Hands off my big idea

If you dream up a new invention, how can you guard it while waiting for a patent? Rachel Gordon looks at insurance policies on offer
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The Independent Online
Scribbled a note with a Biro? Opened a bottle of wine with a corkscrew? Or maybe set up a sprinkler on the lawn?

There is nothing special about these everyday actions, except they all involve using an invented gadget. Up and down the country budding inventors are working on different products, often as part of big and small companies, sometimes in the living room at home.

But getting from the drawing board to the shops is neither quick nor cheap. Once you've formulated the idea you need to see a patent agent. They will check your product is original and then come up with a form of words to describe it. The wheels will then be set in motion for the licence to be granted, although costs for all the guidance could be up to pounds 5,000 and the waiting time up to five years.

In the meantime your idea is likely to become common knowledge and ripe for a rival to steal.

But imagine if you are a first time inventor with a saleable idea. In time you could be worth more than the biggest lottery winner. If your brilliant idea is stolen, you will be left with nothing. And if you've still got the willpower, it's back to a frustrating square one.

But now there is some protection at hand, in the shape of intellectual property insurance. Simply get in touch with brokers Willis Corroon and they will sort out the rest with a patent insurance policy.

For as little as pounds 77 you could buy yourself up to pounds 35,000 worth of cover to pay for legal costs should you believe your idea is stolen. You can pay more if you want higher levels of cover up to a maximum of pounds 500,000.

Willis Corroon's Coral Hitchings explains she had a stand at this year's Great British Innovations and Inventors Fair held at the Barbican in March. She says she was swamped with inquiries from delegates. Many had no idea insurance existed or was within their means.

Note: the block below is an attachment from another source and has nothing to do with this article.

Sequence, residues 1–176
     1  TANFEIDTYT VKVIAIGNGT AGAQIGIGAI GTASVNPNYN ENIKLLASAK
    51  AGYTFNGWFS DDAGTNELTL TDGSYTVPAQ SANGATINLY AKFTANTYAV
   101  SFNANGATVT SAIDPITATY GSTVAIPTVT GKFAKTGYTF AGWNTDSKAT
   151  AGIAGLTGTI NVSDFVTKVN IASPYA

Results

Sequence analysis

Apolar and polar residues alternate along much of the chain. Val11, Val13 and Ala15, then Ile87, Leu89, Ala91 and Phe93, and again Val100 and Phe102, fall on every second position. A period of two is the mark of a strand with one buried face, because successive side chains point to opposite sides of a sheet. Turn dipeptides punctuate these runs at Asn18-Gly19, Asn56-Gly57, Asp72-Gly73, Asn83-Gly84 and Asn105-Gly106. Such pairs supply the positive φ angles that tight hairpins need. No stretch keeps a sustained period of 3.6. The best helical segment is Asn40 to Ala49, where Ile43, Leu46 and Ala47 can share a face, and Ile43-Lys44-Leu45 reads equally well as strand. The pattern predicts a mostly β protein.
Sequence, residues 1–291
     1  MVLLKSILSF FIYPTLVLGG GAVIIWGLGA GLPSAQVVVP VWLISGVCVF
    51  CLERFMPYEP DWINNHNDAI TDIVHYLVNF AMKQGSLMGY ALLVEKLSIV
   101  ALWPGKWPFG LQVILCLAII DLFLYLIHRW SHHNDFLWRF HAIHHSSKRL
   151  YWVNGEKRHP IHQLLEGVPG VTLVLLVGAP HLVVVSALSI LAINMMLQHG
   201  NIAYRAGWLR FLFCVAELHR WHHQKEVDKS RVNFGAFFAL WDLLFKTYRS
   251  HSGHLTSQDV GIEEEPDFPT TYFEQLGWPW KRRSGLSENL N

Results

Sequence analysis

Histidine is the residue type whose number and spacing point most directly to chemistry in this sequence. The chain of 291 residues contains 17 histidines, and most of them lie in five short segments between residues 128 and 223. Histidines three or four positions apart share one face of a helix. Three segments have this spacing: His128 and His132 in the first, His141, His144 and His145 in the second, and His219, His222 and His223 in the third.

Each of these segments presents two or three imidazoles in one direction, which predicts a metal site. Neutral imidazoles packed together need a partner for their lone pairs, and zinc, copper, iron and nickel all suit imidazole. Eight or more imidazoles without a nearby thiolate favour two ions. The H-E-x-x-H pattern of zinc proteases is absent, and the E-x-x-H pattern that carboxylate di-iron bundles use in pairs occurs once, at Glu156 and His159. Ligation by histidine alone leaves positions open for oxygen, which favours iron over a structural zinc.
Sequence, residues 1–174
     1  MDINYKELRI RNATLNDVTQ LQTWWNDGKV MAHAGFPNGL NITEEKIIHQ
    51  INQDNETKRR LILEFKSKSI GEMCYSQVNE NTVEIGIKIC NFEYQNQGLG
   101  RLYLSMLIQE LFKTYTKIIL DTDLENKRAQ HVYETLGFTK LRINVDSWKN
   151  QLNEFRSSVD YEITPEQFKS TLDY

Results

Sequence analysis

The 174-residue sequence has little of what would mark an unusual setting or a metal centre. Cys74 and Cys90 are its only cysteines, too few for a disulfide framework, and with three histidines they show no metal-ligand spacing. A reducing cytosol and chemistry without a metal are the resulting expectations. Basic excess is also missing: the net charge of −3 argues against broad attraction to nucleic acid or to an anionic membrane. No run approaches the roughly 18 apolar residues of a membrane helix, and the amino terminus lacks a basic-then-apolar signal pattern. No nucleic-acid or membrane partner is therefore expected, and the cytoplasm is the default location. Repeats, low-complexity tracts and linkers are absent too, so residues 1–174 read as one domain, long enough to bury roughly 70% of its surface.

Certainly few are aware of the potential costs of a legal battle. As Ian Lewis, of brokers First City, another provider, explains, a specialist lawyer can charge about pounds 300 an hour for their services. Added to this will be the cost of the patent agent - at least pounds 100 an hour.

Ms Hitchings believes insurance should be taken out once the patent has been applied for, even though a legal case cannot be started until it is approved. But she points out if the patent takes three years to be granted, appearing in court to challenge an infringement will probably take even longer, and so the waiting gap should not be a problem.

From the insurers' point of view, intellectual property cover is still a young operation, and Ms Hitchings says while claims have been made, it is still too early to see if the business will be profitable for them.

While Willis Corroon aims its policy at the individual, others have devised cover mainly for the small- to medium-size companies. They can often be particularly vulnerable to copying and, like the inventor at home, could be unable to pay the huge legal costs involved in a court action.

Mr Lewis says a typical client might be a small software design company which develops a new product that might then be sold on licence to a giant IT firm, making a packet from royalties.

Making pirate copies is rife in the IT business and so taking out insurance to protect against this makes sense. But Mr Lewis says proper cover to deal with the hefty legal fees is not cheap, and could cost several thousand pounds.

Abbey Legal Protection, which also provides an intellectual property policy, agrees it is often the smaller companies who need protection. Abbey's Richard Candy explains the large firms often have their own in- house legal teams, prepared to defend any infringements, while individuals and small firms need protection. He believes there is enormous potential in the market.

Intellectual property cases normally hit the headlines only when big players are involved. Often the case doesn't go to court as it is much cheaper to settle outside. Coca Cola were said to be angry when Sainsbury's launched their own brand in supposedly similar packaging.

Coca Cola, with its muscle and team of top lawyers, guards the rights to its recipe ferociously. Intellectual property insurance may not provide quite the same protection, but in a fiercely competitive and sometimes unfair world, it can help.

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